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FTSE 100 falls back after hitting record high

Written by: Emma Lunn
The FTSE 100 hit a record high at market close of 7901.80 on Friday (3 February), beating the previous record high of 7877.45 set in May 2018.

Stocks soared amid investor hopes that global inflation may be peaking and that central banks could be nearing the end of interest rate hikes.

However, the index fell sharply on opening today (Monday), pulling back 0.6% to 7,856. This was after the US downed an alleged Chinese spy balloon, putting a strain on US-China relations, and raising concerns about geopolitical instability.

Plus, a strong US jobs report on Friday indicated that the Federal Reserve may have to raise interest rates further, pressurising global equity markets.

Russ Mould, investment director at AJ Bell, said: “Ongoing strength in the labour market theoretically reduces the chances of the central bank taking its foot off the pedal when it comes to rate rises. Markets are desperate for the rate hike cycle to end, and anticipation around this pivot coming soon is a key reason why equities have done so well in the past month or so.”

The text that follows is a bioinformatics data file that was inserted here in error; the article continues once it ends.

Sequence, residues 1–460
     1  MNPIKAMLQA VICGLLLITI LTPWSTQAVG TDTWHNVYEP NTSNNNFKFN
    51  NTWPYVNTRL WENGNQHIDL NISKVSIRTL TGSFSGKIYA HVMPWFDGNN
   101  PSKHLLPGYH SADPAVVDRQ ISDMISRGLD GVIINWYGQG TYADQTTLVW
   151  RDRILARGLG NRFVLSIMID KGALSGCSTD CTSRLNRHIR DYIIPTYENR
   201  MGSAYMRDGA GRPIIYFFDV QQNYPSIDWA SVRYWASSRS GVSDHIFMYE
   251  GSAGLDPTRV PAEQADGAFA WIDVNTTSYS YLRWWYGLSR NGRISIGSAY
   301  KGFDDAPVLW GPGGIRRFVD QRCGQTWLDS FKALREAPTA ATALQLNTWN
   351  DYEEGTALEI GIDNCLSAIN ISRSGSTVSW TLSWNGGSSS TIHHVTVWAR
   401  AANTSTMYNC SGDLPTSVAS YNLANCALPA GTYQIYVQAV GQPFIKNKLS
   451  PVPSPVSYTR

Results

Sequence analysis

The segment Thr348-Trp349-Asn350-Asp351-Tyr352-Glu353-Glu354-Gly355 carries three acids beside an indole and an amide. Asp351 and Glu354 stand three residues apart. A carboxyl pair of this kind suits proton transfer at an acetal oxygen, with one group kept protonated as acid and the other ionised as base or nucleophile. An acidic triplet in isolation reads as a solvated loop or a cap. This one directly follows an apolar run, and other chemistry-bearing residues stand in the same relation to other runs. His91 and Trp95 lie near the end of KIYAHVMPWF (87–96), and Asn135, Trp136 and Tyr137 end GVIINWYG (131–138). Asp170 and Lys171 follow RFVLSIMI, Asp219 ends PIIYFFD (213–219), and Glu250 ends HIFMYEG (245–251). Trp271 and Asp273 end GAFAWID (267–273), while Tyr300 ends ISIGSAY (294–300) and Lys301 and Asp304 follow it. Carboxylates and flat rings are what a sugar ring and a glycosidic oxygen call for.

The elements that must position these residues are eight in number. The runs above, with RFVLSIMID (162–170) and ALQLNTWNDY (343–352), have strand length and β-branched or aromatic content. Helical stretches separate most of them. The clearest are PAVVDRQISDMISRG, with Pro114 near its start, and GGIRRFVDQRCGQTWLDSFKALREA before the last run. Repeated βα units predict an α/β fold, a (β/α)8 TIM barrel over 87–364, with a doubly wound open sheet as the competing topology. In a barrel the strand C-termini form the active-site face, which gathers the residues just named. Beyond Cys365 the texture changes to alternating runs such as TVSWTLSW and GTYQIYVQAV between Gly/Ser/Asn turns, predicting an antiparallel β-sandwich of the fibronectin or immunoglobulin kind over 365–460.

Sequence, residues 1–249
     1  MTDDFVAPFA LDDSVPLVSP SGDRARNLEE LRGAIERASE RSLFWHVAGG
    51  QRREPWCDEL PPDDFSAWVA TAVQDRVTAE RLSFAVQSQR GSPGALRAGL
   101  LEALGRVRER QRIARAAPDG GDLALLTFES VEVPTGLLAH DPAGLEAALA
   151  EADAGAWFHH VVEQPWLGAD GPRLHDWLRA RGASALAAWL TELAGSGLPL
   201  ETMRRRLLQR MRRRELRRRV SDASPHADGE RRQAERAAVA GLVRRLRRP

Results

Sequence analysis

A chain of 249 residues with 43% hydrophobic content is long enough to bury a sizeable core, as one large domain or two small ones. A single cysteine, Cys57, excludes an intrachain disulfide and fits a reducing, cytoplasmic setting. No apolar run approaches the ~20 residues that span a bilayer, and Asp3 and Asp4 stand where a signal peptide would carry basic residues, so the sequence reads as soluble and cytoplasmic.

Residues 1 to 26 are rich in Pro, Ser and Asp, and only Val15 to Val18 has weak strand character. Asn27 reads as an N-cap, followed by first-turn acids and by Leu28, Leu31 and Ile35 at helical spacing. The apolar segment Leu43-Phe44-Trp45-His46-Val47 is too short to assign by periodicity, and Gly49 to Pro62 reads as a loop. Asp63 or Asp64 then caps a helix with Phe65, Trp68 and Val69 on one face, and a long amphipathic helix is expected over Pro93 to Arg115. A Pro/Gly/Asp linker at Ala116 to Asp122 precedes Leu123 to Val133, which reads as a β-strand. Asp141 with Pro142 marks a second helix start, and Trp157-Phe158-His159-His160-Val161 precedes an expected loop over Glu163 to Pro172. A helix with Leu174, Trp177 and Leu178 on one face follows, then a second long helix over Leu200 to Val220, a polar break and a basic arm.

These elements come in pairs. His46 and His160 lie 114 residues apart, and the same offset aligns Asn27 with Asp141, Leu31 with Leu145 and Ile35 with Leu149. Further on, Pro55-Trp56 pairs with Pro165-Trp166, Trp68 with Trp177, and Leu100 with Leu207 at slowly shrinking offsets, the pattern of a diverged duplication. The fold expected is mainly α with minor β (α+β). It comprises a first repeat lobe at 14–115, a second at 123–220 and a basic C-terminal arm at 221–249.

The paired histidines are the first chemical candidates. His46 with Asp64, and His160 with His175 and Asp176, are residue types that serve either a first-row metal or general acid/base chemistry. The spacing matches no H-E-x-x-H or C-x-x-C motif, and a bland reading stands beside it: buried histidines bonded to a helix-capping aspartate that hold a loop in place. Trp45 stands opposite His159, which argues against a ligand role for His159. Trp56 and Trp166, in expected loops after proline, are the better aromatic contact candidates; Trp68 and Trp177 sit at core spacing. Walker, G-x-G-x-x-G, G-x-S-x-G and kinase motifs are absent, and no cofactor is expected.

Victoria Scholar, head of investment at interactive investor, said: “Most FTSE 100 stocks are in the red but safe-haven play, silver miner Fresnillo is outperforming alongside Lloyds and HSBC which benefit from more hawkish monetary policy. BP is also in the green on the back of rising oil prices. China sensitive stocks like Prudential and Burberry are trading near the bottom of the FTSE 100.

“The FTSE 100 closed at a record high on Friday driven by expectations of a dovish tilt from the Bank of England, a weaker pound after a very strong US jobs report and its favourable sectoral mix which provided a tailwind to the index over the last year. Its lack of tech heavyweights allowed the FTSE 100 to avoid last year’s ‘tech wreck’ and a high amount of oil and mining giants benefited from 2022’s commodity boom. Plus, banks like Standard Chartered have logged strong share price performances on the back of the rising rate environment.

“So far in 2023, the FTSE 100 is up by just over 5% versus the DAX, CAC and FTSE MIB which have logged double-digit percentage recoveries.”

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